Alex Ferrari • April 7, 2021
You guys are in for a major treat. I’m always talking about those “lottery ticket” filmmaker stories that we all dream of happening to us one day. Well, today’s guest’s story is one of the mythological stories come to life.
We have 90’s independent film icon, Scott Mosier. Scott is an indie film producer, editor, writer, director, actor, and podcaster of Smodcast, which he co-hosts with his long-term filmmaking partner, Kevin Smith.
From Vancouver Film School to Hollywood, Scott’s trajectory has been inspiring for many in the industry. He produced some of the best 90s classics like Clerks 1 & 2, Jersey Girl, the Oscar® Winning Good Will Hunting, Dogma, and many, many more.
Scott acted in, edited the movie, original sound, and contributed to Clerk’s budget. After the massive hit they followed up with the embattled Mallrats. The film was not well received and did no money at the box-office. Kevin and Scott were essentially discarded and called a one hit wonders. For most filmmakers that would be all she wrote but not for Kevin and Scott.
They decided to go back to their roots and make another low budget indie and prove to Hollywood that they were here to stay. Their next film was the brilliant romantic comedy-drama, Chasing Amy. The tells the unfortunate twist of a male comic artist who falls in love with a lesbian woman, to the displeasure of his best friend.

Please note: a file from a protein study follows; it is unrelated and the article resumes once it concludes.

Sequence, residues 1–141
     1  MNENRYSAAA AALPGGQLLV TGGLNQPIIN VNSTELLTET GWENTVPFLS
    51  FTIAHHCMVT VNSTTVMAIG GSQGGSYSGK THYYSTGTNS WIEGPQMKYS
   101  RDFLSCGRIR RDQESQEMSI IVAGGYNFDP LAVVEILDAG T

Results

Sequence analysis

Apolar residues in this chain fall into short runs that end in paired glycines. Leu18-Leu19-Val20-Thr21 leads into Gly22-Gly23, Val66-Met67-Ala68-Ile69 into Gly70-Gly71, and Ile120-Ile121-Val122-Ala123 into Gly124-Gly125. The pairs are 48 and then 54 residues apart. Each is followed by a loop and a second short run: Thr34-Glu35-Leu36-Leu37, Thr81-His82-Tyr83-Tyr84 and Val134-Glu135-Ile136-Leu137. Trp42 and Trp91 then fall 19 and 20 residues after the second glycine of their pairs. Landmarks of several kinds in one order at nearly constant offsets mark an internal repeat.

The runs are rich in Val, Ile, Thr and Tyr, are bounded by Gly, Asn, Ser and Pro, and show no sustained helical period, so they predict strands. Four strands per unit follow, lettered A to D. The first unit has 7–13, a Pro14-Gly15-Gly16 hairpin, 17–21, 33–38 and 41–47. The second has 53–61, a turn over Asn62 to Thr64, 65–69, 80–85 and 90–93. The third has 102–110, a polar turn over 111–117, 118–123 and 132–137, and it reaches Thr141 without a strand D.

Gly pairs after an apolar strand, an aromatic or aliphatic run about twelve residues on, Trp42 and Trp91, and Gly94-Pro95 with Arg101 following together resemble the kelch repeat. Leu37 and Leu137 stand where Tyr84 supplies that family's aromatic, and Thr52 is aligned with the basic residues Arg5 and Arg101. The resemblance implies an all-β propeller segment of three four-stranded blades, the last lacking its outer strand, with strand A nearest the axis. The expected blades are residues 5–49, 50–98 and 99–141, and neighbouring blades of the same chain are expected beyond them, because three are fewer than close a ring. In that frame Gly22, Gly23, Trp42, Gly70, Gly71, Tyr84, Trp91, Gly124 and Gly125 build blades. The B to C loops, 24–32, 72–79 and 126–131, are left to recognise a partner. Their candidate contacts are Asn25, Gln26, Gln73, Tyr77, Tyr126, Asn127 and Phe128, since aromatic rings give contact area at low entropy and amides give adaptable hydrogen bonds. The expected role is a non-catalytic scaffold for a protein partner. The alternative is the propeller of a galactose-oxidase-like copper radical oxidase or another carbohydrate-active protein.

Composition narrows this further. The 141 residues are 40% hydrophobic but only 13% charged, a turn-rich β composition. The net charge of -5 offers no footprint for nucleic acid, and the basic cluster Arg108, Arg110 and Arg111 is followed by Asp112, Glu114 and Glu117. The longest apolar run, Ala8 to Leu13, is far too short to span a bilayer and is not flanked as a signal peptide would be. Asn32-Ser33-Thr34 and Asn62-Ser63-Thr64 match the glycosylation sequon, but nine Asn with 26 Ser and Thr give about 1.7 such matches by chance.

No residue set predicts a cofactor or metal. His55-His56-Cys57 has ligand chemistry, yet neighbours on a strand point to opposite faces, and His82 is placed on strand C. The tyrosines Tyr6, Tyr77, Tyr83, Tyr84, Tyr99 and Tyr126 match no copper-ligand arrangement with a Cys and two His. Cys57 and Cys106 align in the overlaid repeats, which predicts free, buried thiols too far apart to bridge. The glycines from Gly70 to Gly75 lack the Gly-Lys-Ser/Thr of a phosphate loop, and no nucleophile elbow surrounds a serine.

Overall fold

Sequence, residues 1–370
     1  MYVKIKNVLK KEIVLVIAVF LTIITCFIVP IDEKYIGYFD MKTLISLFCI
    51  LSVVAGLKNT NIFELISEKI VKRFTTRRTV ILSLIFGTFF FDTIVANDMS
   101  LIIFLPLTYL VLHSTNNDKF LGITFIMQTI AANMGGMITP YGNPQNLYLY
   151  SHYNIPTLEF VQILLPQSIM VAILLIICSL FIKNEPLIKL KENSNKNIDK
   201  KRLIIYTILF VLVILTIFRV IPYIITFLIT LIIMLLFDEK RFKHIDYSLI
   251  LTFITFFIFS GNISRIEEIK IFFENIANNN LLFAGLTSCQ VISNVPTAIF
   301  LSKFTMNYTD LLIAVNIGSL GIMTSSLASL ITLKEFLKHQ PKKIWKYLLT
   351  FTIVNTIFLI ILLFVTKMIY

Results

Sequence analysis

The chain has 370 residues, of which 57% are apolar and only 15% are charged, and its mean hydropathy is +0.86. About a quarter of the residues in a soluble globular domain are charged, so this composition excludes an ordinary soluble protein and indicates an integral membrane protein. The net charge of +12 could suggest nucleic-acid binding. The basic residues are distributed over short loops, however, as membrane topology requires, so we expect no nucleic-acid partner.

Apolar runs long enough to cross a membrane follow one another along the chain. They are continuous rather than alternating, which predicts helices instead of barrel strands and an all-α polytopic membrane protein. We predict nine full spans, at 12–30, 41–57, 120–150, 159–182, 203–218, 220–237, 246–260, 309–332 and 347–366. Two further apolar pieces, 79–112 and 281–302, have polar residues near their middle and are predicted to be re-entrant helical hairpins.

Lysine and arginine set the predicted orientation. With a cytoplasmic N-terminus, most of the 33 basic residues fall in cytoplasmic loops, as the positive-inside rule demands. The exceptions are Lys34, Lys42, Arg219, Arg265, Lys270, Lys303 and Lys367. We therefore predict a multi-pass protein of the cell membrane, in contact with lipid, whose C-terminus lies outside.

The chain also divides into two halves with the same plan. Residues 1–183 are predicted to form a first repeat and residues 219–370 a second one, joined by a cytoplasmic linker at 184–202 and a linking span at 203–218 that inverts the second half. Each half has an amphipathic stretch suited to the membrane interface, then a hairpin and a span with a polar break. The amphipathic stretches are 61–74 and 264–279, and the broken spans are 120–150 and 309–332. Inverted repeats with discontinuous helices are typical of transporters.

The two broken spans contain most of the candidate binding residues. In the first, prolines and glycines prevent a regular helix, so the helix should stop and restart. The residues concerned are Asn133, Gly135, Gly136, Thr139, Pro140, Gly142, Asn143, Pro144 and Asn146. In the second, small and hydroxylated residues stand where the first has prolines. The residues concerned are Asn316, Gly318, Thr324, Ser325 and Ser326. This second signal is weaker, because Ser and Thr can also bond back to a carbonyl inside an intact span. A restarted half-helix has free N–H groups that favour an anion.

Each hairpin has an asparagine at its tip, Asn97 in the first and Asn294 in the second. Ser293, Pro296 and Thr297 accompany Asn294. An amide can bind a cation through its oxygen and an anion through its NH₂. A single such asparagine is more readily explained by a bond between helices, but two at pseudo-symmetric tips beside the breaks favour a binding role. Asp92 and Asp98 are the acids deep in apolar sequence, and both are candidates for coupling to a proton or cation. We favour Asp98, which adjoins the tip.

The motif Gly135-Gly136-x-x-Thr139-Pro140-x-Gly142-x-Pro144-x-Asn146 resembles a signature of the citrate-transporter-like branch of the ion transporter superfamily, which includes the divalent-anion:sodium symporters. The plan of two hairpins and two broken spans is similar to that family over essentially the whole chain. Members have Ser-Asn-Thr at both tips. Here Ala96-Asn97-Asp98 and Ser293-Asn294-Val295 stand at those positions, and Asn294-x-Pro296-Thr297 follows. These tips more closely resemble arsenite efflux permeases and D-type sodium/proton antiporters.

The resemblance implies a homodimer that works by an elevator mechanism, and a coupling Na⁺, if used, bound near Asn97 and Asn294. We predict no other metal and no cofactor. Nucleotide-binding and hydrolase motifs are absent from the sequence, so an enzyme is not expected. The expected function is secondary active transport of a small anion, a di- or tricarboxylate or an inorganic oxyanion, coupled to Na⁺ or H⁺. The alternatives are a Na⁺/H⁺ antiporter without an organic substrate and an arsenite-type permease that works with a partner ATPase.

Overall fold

After self-financing, the majority of their initial projects (Mosier & Smith), 2001, Jay and Silent Bob Strike Back was Mosier’s first big-budget ($20 million) production.
Based on real-life stoners Jay and Silent Bob, so when they get no profit from a big-screen adaptation they set out to wreck the movie.
If that wasn’t enough Scott also co-executive produced the Oscar® Award-Winning Good Will Hunting in his spare time.
Wanting a change Scott decided to branch out and start directing himself. His 2018 directorial debut was a stand-out project! A box office hit, grossing about $512 million globally and the highest-grossing holiday film of all time. Dr. Seuss: The Grinch became the third screen adaptation of the 1957 Dr. Seuss book, How the Grinch Stole Christmas.
I had ball talking shop with Scott. We discussed the genesis of the independent film movement as we know it today, dealing with studios, what was it like being in the Clerks hurricane and much more.
Enjoy my conversation with Scott Mosier.
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